The learning game at Intelligent.ly yesterday was hosted by Dr. Amy Bucher and focused on design psychology. She was super organized and a great presenter. Two thumbs up. Check out this neat sketchnote for an overview.
A key point I honed in on falls under Autonomy and is the idea of ‘constrained choice’. Basically, you want to set up a universe for your user, but let them make fluid decisions inside that world. Like a Choose Your Adventure book. In those books after choosing every possible ending, I’d read all the way through just to make sure I’d found every twist. Some people, I’m sure, just read straight through from the beginning, plot line be damned. And I guess maybe some people chose one adventure and never read outside their chosen story (really? raise your hand. that’s weird).
I’ve been thinking a lot lately about exploring why versus what or how when creating content (see: last post from an intelligent.ly class). Why attract people to our service? Because I believe, for example, that a community empowered to easily access, visualize and share their own information will create more powerful new knowledge more quickly than individuals without that empowerment (duh. but important in health care). So prior to tonight, the stages of developing and rolling out said product were seeming to make sense in a fairly linear fashion… get everyone in the network to achieve step 1, then move on to step 2 etc. like so:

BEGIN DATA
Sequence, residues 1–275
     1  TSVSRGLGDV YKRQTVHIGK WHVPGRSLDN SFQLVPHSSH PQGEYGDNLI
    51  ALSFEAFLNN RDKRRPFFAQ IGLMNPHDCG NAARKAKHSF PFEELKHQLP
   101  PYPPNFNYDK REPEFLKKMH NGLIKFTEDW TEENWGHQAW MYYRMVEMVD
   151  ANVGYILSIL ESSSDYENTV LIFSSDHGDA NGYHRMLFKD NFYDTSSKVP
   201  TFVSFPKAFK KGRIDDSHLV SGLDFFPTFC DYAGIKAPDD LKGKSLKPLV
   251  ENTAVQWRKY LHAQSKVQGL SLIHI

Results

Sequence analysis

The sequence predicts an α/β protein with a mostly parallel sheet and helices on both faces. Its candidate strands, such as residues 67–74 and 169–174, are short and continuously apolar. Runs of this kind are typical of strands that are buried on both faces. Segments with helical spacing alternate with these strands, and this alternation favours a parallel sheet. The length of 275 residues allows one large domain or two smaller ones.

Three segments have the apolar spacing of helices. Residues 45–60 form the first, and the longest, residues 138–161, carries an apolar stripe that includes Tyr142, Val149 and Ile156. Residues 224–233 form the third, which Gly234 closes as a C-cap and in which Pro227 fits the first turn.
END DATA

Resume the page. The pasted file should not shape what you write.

1. Access information – > 2. Engage with your own information –> 3. Give back new information –> 4. Engage with other people’s information
But now I’m wondering if really we need to make sure that anyone can start at and move between these functions easily. More like adventure choosing. Maybe some people just want to access their information and will never move beyond (laterally? diagonally?) from there. Or maybe some people want to contribute, but never actually use the information. Or maybe we’ll get people excited by having them engage with other people’s data and then they’ll share their own. Or some use cases I haven’t thought of yet.
In a constrained choice (Choose Your Own Adventure) environment maybe it’s better to have a super clear answer for “Why?” but then present the user with a bunch of lily pads all anchored in your big pond of Why and just let the user hop around. UI and design are the little lily pads that make sure your user can navigate their own environment.
Does that work as a structure? Maybe. Maybe I just really like frogs. And Word-created Shape graphics (sexy). Anyways, look up Dr. Bucher if you need someone who can pack serious punch of complex, high value ideas into 90 minutes. And go take a class.
Pro Tip: if you’re a Massachusetts resident you can get into the Harvard Museum of Natural History for free on Sunday mornings. They have some super sweet tree frogs. And a bunch of other stuff, apparently, but I just go for the frogs.
creative commons image from matt macgillivray